"There are times life will rattle your bones and will bend your limbs. So you bend back and shake at the frame of the fame you made, but don't you shake alone"- The Decemberists
As we did our final check-in on the latest round of patients Sunday, I realized I am way more invested in "Celebrity Rehab" than I am in most shows.
Yes, it's reality TV.
Yes, the producers impact the drama unfolding, but this is so much more than that fake Hollywood nonsense. This is a real life struggle unfolding in front of you.
I have been a fan of Dr. Drew since his radio show "Sex Talk" with funny man Adam Corolla. He was the straight guy, yet could easily laugh, and his advice was always dead on. He has a gift of giving out the perfect advice then leading the addict/caller right into the real answer themselves.
I've watched every season. Partly because addiction's reared its ugly head in my life and partly because I have counsellors in my family, so I like to see the ways in which help is extended (whether it is heeded or not).
Does it matter that these patients are celebrities? I am sure it does to some. I like that you see these idolized people baring their humanity. They are just people with families and struggles like all of us.
My favorite part of 'CelebrityRehab' is watching these famous people come on to the show thinking it's just another gig they're being paid to do. Then comes the withdrawal and the reality hits that, hey, this might not be so easy. In one-on-one counseling, they actually get deep & vulnerable. Past traumas emerge. Feelings of shame or guilt they'd rather not face come up and you can see them NOT wanting to face that pain. That is precicely when an addict normally turns to their vice-to numb themselves. Dr. Drew always stresses that you have to face these demons in order to break out of that addiction cycle. (He's awesome.)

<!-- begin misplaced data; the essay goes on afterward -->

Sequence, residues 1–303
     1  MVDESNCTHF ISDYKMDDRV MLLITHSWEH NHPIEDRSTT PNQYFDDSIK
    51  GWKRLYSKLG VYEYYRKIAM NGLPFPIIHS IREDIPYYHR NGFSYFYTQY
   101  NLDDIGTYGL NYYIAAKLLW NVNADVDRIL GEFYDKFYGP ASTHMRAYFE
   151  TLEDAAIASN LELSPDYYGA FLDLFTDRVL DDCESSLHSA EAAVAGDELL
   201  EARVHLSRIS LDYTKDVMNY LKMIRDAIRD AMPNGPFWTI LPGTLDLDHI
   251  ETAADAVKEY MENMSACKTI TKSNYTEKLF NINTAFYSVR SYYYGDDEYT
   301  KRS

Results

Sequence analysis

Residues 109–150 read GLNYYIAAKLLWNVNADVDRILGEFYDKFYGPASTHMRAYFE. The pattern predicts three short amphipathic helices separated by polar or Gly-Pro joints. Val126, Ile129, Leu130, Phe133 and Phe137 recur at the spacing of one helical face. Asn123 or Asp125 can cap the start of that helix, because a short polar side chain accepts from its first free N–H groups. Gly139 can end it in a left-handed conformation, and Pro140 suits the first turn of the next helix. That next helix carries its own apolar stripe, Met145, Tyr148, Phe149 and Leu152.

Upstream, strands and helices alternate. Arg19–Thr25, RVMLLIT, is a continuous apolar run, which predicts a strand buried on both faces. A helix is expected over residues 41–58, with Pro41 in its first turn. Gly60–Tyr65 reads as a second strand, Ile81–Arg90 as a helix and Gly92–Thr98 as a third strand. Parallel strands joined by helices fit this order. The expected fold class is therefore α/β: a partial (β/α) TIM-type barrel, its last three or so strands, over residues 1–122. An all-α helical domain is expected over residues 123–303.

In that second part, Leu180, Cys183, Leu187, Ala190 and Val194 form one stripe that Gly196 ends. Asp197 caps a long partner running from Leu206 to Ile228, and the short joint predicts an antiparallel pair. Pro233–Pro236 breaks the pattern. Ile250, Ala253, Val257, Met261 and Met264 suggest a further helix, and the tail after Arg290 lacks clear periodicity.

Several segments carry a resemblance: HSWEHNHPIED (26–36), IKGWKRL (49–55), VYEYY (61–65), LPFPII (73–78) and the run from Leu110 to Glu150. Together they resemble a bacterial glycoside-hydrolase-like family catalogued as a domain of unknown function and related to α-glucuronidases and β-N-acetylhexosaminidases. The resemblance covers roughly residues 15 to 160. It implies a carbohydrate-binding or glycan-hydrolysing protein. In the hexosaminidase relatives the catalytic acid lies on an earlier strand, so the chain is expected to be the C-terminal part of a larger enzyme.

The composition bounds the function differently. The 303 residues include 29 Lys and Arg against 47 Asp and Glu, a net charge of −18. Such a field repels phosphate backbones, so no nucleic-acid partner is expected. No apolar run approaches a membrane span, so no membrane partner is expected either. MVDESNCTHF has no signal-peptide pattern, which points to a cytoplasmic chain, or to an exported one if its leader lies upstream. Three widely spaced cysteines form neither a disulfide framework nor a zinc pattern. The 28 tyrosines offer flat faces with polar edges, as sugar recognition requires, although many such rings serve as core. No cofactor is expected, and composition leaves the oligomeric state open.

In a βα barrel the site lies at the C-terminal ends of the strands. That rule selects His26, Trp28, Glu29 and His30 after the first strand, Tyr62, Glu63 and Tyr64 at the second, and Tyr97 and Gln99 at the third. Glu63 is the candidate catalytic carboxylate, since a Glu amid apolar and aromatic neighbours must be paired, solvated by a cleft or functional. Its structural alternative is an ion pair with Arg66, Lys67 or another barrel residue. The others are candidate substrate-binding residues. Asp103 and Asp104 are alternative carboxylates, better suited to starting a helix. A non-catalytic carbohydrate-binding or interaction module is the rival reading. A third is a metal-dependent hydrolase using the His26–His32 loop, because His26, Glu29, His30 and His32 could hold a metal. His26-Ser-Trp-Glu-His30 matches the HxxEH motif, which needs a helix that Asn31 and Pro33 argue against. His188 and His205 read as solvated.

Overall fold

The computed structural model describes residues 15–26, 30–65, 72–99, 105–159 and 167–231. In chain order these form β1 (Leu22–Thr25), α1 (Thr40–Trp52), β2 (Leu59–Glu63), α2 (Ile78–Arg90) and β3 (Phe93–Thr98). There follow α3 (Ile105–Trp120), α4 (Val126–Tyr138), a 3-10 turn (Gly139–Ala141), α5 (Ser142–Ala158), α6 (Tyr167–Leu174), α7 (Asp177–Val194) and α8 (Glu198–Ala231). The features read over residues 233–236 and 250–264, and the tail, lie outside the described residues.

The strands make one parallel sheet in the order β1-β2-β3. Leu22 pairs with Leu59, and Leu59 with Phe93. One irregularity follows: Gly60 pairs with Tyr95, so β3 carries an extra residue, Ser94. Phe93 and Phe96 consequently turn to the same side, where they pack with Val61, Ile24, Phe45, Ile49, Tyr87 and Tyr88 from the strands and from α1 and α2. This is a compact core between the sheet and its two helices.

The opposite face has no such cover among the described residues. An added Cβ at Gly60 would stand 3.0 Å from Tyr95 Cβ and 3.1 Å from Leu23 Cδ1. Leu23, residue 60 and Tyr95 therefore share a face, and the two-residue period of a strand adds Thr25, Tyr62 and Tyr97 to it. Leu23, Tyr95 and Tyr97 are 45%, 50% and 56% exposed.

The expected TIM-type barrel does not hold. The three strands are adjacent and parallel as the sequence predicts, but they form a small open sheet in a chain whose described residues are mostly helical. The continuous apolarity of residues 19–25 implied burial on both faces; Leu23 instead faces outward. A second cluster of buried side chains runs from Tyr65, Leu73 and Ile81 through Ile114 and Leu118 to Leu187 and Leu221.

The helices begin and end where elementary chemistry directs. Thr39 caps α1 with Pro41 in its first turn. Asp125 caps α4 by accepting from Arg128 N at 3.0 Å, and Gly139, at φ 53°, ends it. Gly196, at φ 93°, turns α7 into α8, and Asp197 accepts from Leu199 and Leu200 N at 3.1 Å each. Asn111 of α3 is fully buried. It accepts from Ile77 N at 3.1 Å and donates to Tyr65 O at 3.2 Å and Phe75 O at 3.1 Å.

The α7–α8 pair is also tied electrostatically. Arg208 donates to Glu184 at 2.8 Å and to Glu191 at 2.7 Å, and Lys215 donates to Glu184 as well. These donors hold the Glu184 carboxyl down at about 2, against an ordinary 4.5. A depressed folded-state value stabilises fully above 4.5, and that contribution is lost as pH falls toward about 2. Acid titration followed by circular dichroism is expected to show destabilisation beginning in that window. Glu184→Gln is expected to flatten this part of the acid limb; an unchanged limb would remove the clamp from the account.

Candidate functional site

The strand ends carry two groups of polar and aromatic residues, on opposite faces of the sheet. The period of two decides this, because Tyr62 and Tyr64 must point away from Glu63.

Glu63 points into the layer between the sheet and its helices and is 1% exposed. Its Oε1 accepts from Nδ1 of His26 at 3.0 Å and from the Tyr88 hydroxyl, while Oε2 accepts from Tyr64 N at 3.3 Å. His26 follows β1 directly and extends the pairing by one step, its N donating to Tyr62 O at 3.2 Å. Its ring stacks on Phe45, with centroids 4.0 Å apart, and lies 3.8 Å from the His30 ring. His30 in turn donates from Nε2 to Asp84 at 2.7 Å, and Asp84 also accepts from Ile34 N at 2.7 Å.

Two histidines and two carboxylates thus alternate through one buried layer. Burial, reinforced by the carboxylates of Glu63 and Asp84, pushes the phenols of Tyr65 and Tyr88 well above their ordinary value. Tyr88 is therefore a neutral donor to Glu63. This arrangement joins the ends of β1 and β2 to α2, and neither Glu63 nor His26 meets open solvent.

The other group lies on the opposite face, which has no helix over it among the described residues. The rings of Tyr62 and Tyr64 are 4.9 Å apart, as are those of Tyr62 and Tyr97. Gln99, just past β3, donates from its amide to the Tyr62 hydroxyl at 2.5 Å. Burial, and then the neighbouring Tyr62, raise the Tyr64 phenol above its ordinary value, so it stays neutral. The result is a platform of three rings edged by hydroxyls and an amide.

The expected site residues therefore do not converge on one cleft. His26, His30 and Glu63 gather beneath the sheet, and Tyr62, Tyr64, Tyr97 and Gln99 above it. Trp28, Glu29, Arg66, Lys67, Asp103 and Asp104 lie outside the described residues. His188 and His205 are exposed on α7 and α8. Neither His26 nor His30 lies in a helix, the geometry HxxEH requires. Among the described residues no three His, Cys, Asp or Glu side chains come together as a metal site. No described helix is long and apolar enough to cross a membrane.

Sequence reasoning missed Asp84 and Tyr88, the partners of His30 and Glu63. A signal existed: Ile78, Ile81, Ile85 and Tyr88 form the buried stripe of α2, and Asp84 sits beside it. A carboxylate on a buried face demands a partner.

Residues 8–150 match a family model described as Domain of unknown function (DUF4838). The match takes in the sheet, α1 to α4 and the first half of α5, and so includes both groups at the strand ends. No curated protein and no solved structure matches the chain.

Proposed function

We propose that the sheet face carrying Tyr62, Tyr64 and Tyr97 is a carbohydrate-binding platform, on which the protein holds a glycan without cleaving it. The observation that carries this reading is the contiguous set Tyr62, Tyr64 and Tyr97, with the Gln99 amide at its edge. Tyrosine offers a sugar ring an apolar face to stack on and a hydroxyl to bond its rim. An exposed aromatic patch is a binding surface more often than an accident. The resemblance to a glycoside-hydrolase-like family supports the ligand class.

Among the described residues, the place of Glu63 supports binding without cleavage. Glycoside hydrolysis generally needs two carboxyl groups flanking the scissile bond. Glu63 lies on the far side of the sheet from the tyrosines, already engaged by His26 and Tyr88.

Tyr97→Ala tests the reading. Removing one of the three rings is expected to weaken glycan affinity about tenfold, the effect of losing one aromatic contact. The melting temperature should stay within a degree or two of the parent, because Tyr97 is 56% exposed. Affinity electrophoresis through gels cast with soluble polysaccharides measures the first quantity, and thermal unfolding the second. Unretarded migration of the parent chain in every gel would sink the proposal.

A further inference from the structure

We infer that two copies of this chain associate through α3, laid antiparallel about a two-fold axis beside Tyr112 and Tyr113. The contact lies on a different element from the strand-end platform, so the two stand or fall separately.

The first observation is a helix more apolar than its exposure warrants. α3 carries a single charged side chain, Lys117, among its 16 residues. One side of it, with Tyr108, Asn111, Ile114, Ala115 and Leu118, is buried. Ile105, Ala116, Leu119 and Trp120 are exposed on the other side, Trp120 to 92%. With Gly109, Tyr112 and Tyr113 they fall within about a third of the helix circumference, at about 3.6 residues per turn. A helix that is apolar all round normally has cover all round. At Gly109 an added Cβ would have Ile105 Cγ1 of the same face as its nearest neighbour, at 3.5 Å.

Pretend you're famous. Hollywood. Everywhere you go, people tell you how great you are . You believe it. When you're out, you're offerered whatever you want. So you smoke pot. Do a line. No biggie, right? Everybody's doing it. But they keep assisting you on to the next drug, and the next. Suddenly, you need a fix just to get up in the morning. You're only surrounded with 'yes men' so no one tells you the truth & kicks your ass, because that's not what you want to hear. And if you have a past trauma in your life- the spiral down is much, much worse. (I believe this may have been Michael Jackson's problem. No one would tell him, hey, maybe you shouldn't have a 10 year old boy sleep over, or maybe you shouldn't be taking those dangerously high dosages of pharmaceutical drugs.) Anyway...
You really do find yourself invested in the sobriety of these people. I dare you NOT to love Mackenzie Phillips after seeing her season. You cheer for them and are sad when they slip, or, as in this season, when they die. Two past patients died. 2! Two people you watched struggle and rooted for, lost this battle. Mike Starr (bassist for "Alice in Chains") and Jeff Conaway ("Grease" and "Taxi") both died. (I always wondered if singer Amy Winehouse would stick with treatment, and from the autopsy, she was sober. The toll her lifestyle took on her body was too much. Her duet with Tony Bennett was released this week (see it here). We really lost an amazing performer and I am glad to have seen her perform live (and well).
Addiction is classified as a disease, which pisses some people off, as how can drinking or drug use be a disease? Well, ask anyone who went or is going through it, and you'll see. That person they knew is gone. You instead live with the alcohol or drugs which turn this loved one into someone you no longer know. If you have a problem, it's time to seek help. Life is kinda fun. If your loved one has a problem, you can get the help you need at Alanon, because you can't do it alone. Many people sit by silently or are in denial, as it's a damned hard reality to face.
Well, it's time.